Monday, January 22, 2024

The Architects of AFROFuturism

 





Pauline Elizabeth Hopkins (1859 – August 13, 1930) was a prominent African-American novelistjournalistplaywrighthistorian, and editor. She is considered a pioneer in her use of the romantic novel to explore social and racial themes. Of One Blood: Or, The Hidden Self tells the story of Reuel Briggs, a medical student who does not care about being black or appreciating African history but finds himself in Ethiopia on an archaeological trip.


Thomas Mokopu Mofolo (22 December 1876 – 8 September 1948) is considered to be the greatest Basotho author. He wrote mostly in the Sesotho language, but his most popular book, Chaka, has been translated into English and other languages.



Martin Robison Delany (May 6, 1812 – January 24, 1885) was an African-American abolitionist, journalist, physician, and writer, arguably the first proponent of American black nationalism. He was one of the first three blacks admitted to Harvard Medical School. He became the first African-American field officer in the United States Army during the American Civil War. Trained as an assistant and a physician, he treated patients during the cholera epidemics of 1833 and 1854 in Pittsburgh, when many doctors and residents fled the city.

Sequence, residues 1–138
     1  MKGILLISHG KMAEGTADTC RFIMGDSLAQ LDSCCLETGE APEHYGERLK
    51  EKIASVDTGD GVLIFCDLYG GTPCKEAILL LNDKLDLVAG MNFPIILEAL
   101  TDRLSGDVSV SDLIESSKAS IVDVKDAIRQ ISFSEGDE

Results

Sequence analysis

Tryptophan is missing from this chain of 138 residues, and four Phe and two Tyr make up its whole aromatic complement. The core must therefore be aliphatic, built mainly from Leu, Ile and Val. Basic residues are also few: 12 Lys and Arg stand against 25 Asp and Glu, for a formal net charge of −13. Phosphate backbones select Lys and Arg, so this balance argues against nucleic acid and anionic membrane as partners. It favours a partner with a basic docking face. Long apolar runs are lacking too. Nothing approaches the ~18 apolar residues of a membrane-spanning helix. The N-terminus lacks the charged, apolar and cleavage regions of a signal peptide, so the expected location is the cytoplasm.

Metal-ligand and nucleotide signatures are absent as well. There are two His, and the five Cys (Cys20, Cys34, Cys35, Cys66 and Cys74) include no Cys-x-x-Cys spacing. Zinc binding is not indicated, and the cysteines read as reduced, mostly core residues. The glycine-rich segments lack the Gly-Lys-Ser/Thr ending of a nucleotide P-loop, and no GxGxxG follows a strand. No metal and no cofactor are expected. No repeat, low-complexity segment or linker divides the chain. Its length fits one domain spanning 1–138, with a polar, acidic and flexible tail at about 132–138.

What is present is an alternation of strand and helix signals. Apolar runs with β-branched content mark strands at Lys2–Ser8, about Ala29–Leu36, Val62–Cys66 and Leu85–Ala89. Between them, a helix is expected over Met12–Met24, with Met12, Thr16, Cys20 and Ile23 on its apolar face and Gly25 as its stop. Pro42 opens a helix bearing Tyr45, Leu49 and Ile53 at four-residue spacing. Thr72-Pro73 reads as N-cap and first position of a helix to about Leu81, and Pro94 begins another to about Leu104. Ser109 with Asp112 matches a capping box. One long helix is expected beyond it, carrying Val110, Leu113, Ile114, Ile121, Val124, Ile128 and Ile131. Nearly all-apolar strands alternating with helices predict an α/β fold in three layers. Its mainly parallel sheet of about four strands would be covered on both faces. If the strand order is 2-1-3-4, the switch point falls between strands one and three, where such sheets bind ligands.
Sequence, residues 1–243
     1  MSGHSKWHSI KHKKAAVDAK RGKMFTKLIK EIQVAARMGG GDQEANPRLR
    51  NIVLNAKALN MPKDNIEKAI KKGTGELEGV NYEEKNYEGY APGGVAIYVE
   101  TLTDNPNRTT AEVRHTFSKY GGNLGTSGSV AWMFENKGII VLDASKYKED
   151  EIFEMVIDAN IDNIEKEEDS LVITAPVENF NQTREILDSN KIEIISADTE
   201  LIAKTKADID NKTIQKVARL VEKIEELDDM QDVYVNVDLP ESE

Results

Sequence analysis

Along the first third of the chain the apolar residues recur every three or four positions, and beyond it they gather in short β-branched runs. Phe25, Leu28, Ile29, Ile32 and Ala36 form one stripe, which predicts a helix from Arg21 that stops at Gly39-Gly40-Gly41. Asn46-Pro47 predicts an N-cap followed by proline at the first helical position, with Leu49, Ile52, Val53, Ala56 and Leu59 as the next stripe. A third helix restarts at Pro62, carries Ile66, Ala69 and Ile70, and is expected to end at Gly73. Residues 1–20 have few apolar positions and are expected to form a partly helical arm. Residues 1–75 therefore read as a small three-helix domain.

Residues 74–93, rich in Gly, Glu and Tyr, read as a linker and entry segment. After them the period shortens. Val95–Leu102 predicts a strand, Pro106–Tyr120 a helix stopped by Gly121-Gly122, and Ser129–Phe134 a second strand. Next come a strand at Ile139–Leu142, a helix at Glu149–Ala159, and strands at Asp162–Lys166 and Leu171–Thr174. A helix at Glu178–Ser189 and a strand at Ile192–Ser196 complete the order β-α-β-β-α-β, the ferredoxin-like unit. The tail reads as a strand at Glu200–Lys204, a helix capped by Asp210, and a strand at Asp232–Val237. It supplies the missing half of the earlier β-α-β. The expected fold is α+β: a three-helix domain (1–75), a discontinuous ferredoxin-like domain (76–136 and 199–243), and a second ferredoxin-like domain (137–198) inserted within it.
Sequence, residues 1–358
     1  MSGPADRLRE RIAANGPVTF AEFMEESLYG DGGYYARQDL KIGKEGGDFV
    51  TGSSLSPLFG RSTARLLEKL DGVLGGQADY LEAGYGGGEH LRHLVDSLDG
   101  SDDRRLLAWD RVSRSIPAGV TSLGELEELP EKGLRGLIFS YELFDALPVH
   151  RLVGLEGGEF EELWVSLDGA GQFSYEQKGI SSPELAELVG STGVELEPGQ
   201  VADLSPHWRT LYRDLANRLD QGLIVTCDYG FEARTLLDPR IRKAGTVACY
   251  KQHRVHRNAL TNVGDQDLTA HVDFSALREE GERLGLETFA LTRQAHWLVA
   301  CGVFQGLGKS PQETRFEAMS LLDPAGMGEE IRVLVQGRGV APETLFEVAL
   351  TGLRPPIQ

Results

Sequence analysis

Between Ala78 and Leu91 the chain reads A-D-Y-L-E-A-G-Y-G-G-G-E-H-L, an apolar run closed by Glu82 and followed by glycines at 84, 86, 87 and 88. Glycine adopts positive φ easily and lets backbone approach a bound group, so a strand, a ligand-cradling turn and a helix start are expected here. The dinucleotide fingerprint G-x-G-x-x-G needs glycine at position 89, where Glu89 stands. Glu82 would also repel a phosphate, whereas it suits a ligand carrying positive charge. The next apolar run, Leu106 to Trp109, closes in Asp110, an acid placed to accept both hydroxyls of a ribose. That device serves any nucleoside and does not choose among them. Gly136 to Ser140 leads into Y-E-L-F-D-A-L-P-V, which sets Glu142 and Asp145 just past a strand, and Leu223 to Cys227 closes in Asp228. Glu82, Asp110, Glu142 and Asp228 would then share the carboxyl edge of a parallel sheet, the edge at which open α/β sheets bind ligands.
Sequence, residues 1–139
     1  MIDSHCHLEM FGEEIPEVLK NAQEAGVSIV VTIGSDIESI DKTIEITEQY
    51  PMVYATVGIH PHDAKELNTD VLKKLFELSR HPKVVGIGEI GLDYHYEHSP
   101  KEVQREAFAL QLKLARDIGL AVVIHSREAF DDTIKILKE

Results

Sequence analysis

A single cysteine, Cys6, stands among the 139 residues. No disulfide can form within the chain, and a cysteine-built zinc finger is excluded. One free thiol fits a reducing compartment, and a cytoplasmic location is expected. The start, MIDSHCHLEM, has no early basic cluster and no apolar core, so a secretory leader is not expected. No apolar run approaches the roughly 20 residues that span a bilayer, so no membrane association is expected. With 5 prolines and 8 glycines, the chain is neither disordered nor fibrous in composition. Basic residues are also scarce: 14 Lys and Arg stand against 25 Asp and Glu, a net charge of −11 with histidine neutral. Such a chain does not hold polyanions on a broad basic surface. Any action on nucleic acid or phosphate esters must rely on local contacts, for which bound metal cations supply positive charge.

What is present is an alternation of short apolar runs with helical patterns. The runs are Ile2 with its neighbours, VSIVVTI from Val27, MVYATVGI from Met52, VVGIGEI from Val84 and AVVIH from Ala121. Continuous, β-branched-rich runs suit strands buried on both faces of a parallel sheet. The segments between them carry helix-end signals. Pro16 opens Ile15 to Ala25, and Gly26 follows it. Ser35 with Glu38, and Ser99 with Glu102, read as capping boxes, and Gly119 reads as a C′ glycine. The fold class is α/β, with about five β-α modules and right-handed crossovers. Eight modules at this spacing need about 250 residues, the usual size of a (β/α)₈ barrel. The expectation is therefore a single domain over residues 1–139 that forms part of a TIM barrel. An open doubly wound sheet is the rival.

Sutton Elbert Griggs (June 19, 1872 - January 2, 1933) was an African-American author, Baptist minister, and social activist. He is best known for his novel Imperium in Imperio, a utopian work that envisions a separate African-American state within the United States.




Charles Waddell Chesnutt (June 20, 1858 – November 15, 1932) was an Afrcan-American author, essayist, political activist and lawyer, best known for his novels and short stories exploring complex issues of racial and social identity in the post-Civil War South.





George Samuel Schuyler (February 25, 1895 – August 31, 1977) was an African-American author, journalist and social commentator known for his conservative views. Between 1936 and 1938 he published in the Pittsburgh Courier a weekly serial, which he later collected and published as a novel entitled Black Empire. Schuyler also published the highly controversial book Slaves Today: A Story of Liberia, a novel about the slave trade created by freed American slaves who settled Liberia in the 1820s.







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